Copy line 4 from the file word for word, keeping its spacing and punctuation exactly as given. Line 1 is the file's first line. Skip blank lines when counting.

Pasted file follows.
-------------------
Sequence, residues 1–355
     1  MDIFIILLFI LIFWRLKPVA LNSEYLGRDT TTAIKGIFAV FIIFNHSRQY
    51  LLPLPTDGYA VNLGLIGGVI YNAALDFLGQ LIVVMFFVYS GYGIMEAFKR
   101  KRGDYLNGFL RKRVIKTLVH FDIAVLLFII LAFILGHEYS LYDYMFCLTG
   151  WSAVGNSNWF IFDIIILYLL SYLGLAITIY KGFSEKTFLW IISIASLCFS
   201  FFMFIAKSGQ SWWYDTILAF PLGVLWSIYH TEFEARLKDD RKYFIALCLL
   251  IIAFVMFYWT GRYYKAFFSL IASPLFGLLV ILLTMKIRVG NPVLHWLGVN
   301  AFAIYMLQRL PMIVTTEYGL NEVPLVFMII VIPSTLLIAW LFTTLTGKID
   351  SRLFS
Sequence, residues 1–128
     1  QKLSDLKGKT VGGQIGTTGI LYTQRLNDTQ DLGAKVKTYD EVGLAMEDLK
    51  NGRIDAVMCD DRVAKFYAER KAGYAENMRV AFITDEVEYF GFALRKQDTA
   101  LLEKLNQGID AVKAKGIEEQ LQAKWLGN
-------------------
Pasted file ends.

   101  KRGDYLNGFL RKRVIKTLVH FDIAVLLFII LAFILGHEYS LYDYMFCLTG